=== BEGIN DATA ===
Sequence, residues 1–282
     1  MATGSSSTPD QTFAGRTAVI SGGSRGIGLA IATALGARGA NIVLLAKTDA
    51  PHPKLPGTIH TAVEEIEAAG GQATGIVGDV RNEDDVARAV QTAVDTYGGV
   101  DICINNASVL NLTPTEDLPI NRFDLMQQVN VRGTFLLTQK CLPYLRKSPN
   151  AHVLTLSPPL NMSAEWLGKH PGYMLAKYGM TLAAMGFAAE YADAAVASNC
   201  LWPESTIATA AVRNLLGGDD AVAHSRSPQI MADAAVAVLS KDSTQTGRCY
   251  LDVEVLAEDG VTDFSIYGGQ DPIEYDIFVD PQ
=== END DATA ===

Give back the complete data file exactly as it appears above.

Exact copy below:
Sequence, residues 1–282
     1  MATGSSSTPD QTFAGRTAVI SGGSRGIGLA IATALGARGA NIVLLAKTDA
    51  PHPKLPGTIH TAVEEIEAAG GQATGIVGDV RNEDDVARAV QTAVDTYGGV
   101  DICINNASVL NLTPTEDLPI NRFDLMQQVN VRGTFLLTQK CLPYLRKSPN
   151  AHVLTLSPPL NMSAEWLGKH PGYMLAKYGM TLAAMGFAAE YADAAVASNC
   201  LWPESTIATA AVRNLLGGDD AVAHSRSPQI MADAAVAVLS KDSTQTGRCY
   251  LDVEVLAEDG VTDFSIYGGQ DPIEYDIFVD PQ